Sunday, 22 August 2010
GZM...feisal abdul rauf
Imam Feisal Abdul Rauf is the chairman of the Cordoba Initiative, an independent, non-partisan and multi-national project that works with state and non-state actors to improve Muslim-West relations. In this capacity, he directs projects that aim to heal conflict between Islamic and Western communities by developing youth leadership, empowering women, and engaging Islamic legal scholars in addressing the implications of contemporary Islamic governance. In 1997, he founded the American Society for Muslim Advancement (ASMA), the first Muslim organization committed to bringing American Muslims and non-Muslims together through programs in academia, policy, current affairs, and culture. As Imam of Masjid al-Farah, a mosque located twelve blocks from Ground Zero in New York City, he preaches a message of understanding between people of all creeds. Additionally, Imam Feisal sits on the Board of Trustees of the Islamic Center of New York and serves as an advisor to the Interfaith Center of New York.
Imam Feisal has appeared regularly at the Council on Foreign Relations and the World Economic Forum (Davos). He has been interviewed by and quoted in leading print media, including BBC, CNN, New York Times, Washington Post, Frontline, and Foreign Policy. His publications include the books, Islam: A Search for Meaning, Islam: A Sacred Law (What every Muslim Should Know About the Shariah), and What's Right With Islam: A New Vision for Muslims and the West, which the Christian Science Monitor rated among its five best books of 2004; as well as articles such as “The Ideals We Share” (Newsweek, July 31, 2007) and “The End of Barbarism? The Phenomenon of Torture and the Search for the Common Good” (with Rev. Dr. William Schulz in Pursuing the Global Common Good, 2007).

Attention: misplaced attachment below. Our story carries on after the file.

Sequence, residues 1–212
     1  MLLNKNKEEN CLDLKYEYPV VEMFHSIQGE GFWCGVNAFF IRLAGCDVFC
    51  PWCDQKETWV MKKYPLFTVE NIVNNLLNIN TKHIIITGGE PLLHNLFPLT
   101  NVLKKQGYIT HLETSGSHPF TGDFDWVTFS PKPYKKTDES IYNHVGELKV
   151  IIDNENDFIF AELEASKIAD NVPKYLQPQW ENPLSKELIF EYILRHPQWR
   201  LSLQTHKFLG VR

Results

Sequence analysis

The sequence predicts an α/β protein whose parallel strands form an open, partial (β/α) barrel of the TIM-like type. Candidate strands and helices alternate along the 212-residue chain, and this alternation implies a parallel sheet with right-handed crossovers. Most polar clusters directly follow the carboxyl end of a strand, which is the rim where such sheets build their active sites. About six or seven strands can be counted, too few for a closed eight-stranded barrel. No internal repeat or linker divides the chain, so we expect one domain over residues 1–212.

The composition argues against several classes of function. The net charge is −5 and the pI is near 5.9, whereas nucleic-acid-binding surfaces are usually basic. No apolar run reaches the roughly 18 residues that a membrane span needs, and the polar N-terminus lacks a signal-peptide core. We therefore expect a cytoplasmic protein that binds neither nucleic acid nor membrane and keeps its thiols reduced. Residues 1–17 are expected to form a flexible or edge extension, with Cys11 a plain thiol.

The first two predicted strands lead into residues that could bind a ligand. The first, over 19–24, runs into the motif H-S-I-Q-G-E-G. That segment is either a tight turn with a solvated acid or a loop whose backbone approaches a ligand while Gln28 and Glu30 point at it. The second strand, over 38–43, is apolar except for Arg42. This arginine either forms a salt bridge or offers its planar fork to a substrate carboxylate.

Born in Kuwait and educated in England, Egypt, and Malaysia, Imam Feisal holds a Bachelor of Science in Physics from Columbia University in New York and a Master of Science in Plasma Physics from Stevens Institute of Technology in New Jersey. He speaks English, Arabic and Malay.